Private received a lot of publicity when it was submitted as Italy's film for Best Foreign Film. After all, the director and writers are Italian, and Italian money funded the film. Yet, none of the characters speak Italian. Private takes place in and around a Palestinian house in the occupied territories. Nobody even eats spaghetti. So the Academy refused to accept it as Italy's film. It's debatable on whether the Academy was correct, but either way, a lot more people know about Private then otherwise.

The film takes a different look at the Israeli-Palestinean conflict - director Saverio Costanzo looks at things from the Palestinian perspective. This is not something Americans typically see in films. Costanzo does have an opinion, but he keeps it on a more metaphorical level. Private is about what happens to a specific family when Israeli soldiers claim their home as their own. It is claustrophobic, and frustrating for its lack of what seems like common sense. This is exactly what Costanzo wants. He wrote the screenplay with Camilla Costanzo (I Corti Italiani), Alessio Cremonini (I Corti Italiani, Voci), and Sayed Oashua want the viewer to feel everything that this family feels. Private shifts between long (sometimes too long) stretches where little happens, to quick bursts of intense confusion.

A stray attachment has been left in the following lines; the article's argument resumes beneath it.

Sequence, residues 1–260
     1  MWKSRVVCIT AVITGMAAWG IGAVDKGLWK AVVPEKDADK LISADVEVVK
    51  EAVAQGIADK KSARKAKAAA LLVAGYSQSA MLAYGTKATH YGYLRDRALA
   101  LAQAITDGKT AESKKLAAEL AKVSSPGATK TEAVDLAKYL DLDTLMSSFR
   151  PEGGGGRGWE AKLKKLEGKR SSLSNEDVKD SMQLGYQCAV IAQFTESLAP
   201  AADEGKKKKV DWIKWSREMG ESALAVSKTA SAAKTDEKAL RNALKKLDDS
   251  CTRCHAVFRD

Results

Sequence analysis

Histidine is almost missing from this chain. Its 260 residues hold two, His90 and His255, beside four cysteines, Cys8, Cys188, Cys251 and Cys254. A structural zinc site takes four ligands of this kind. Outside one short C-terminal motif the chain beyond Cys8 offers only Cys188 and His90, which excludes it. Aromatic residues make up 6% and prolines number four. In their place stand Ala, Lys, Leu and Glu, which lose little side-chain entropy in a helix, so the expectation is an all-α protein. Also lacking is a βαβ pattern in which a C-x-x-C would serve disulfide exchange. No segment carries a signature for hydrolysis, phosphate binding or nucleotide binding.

The family (the credits list their last name only as "B.") find their lives shattered when a small group of soldier break into their house. The force the family of seven to spend nights in the living room. During the day, they can roam around downstairs. They are forbidden upstairs by the paranoid and volatile Commander Ofer (Lior Miller), who houses his soldiers there. They give no reason for their intrusion. They simply come in, wreck the house, and force the family to obey at gunpoint. It is incredibly frightening, especially since the youngest child of the family is two.

Each member reacts different. Mohammad (Mohammed Bakri, The Olive, The Body) wants to protest silently. He obeys the soldiers' orders, but refuses to let them intimidate him. The soldiers are obviously doing everything they can to force the family to leave, and he will have none of it. His behavior is completely baffling, which is what makes it so effective. His son Jamal (Marco Alsaying) is the opposite. He wants to do something violent against the soldiers. His father protests, arguing that this solves nothing. Mohammad's oldest daughter Mariam's (Hend Ayoub) anger changes to curiosity. She sneaks upstairs and hides in the closet to eavesdrop. This leads to some incredibly tense moments when the soldiers come close to catching her. Costanzo uses handheld cameras, giving a first-person perspective of what the family is suffering through.

Mongoose Rates It: Not Bad.
1 hour, 30 minutes, Arabic, English, and Hebrew with English subtitles, Not Rated but contains some intense situations and minor language, probably a PG-13.

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